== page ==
Video-sharing site could launch a paid content platform for some of its specialist video channels as early as this week, according to The Financial Times.
YouTube reportedly could launch its paid subscription service for some of its specialist video channels as early as this week.
The a la carte service, which could involve as many as 50 video channels, would allow single channel subscriptions for as little as $1.99 a month, people familiar with the plan tell The Financial Times. YouTube confirmed to CNET in February that it was developing such a service but did not indicate when it would be ready for subscribers.
A paid content platform could give the Google-owned video site another revenue stream while allowing channel operators to finance different content production, such as TV shows and movies, a source said.
YouTube declined to comment on a target launch date for the service, reiterating earlier statements on the topic that it had “nothing to announce,” but that it was “looking into creating a subscription platform that could bring even more great content to YouTube for our users to enjoy and provide our creators with another vehicle to generate revenue from their content, beyond the rental and ad-supported models we offer.”
YouTube has approached a handful of producers about developing content for a subscription platform that might the video-sharing site hoped to launch this year, according to an AdAge report in January. YouTube was also mulling a plan to charge for other items, such as entire libraries of videos, live events, and even self-help or financial advice shows, AdAge reported.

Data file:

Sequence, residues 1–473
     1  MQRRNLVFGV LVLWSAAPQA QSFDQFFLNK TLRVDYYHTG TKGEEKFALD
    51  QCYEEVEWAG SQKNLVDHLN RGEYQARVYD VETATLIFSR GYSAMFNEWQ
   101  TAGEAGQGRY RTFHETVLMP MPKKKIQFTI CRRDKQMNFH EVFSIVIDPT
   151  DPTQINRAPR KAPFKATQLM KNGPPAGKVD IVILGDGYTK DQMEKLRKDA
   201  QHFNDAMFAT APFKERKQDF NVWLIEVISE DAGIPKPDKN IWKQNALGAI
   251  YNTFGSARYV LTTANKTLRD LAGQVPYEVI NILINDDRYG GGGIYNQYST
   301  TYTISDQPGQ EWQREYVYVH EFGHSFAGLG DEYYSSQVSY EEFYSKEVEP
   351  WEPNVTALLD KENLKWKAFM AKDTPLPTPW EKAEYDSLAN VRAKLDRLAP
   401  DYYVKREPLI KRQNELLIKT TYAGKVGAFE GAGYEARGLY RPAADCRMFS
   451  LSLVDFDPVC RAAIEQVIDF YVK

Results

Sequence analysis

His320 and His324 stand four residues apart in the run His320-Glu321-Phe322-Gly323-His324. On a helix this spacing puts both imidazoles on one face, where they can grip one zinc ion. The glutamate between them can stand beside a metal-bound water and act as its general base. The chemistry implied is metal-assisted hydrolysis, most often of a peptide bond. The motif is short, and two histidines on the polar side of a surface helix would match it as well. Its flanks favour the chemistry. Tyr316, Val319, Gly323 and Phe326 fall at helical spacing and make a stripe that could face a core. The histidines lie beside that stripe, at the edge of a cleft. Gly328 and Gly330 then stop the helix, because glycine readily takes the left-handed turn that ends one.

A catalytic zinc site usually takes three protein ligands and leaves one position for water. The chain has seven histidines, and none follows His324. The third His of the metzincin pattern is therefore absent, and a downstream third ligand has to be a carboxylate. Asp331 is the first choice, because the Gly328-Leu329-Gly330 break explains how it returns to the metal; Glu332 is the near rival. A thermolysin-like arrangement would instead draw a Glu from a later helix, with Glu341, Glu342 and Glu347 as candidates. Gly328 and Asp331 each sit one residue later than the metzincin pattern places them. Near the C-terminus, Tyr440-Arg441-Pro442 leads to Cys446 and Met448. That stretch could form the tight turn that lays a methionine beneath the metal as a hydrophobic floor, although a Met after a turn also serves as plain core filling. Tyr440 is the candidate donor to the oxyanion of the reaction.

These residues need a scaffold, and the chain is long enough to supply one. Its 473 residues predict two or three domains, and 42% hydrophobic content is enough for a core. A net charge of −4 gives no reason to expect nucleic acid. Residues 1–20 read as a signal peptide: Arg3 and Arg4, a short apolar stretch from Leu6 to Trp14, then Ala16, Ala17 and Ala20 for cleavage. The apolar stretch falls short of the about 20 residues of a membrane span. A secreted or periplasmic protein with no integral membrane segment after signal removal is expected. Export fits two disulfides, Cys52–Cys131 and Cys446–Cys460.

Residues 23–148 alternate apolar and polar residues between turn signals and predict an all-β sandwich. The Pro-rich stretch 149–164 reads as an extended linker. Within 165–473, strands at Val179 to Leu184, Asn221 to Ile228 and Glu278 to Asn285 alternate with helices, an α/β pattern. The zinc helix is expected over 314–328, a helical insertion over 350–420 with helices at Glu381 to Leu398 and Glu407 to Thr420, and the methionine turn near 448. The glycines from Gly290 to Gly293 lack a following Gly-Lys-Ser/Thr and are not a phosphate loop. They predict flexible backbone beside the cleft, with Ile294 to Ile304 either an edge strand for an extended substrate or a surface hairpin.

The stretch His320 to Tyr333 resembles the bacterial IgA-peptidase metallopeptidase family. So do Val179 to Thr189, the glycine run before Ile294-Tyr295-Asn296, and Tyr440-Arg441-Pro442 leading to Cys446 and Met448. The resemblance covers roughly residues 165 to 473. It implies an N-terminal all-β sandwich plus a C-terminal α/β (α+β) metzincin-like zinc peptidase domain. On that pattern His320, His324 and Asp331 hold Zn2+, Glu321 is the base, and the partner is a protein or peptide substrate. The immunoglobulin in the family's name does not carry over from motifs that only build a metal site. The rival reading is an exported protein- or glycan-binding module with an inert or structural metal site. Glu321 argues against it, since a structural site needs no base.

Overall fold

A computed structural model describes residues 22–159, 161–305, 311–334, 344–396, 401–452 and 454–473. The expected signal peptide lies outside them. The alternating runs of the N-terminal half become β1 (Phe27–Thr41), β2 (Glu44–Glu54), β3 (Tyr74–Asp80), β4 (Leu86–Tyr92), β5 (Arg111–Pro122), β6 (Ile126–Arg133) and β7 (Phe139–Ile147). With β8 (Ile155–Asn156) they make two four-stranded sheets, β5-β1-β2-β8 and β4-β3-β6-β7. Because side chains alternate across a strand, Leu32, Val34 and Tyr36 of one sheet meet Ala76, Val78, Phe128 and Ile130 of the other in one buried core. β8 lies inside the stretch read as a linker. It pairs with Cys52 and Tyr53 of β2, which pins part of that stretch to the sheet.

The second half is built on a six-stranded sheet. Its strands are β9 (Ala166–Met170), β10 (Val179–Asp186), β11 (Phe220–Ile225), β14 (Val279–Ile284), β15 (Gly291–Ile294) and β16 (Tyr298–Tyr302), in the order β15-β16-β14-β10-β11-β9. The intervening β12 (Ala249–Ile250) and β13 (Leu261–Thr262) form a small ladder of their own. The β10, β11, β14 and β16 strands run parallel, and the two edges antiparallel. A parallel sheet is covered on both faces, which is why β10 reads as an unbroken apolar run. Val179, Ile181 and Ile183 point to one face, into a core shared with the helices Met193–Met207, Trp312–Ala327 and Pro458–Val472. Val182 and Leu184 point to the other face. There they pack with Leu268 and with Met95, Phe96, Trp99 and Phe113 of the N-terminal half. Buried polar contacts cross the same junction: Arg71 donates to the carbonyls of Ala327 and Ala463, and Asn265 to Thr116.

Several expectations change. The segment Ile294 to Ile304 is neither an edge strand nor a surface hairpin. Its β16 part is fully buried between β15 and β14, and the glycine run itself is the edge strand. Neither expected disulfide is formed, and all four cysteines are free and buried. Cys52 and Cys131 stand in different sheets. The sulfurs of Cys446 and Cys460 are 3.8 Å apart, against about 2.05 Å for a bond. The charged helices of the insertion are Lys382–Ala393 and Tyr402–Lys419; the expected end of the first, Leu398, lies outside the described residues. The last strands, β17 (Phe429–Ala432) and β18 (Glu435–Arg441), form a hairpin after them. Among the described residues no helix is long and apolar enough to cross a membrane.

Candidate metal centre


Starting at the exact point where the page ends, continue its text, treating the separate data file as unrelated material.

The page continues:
Not long after that report, two lines of code appeared in YouTube for Android that referred to paid channel subscriptions. The code, apparently intended to generate messages on users’ screens, say: “You can only subscribe to this paid channel on your computer,” and “You can only unsubscribe from this paid channel on your computer.”
- Eric Schmidt: “the future is now” for YouTube (slashgear.com)
- Ridley Scott’s Sci-Fi Shorts May Require Paid Subscription On YouTube (tubefilter.com)
Tagged: Advertising Age, channels, CNET, Entertainment, Financial Times, Google, Paid content, Robert Kyncl, subscription, Subscription business model, Television, video, Video hosting service, YouTube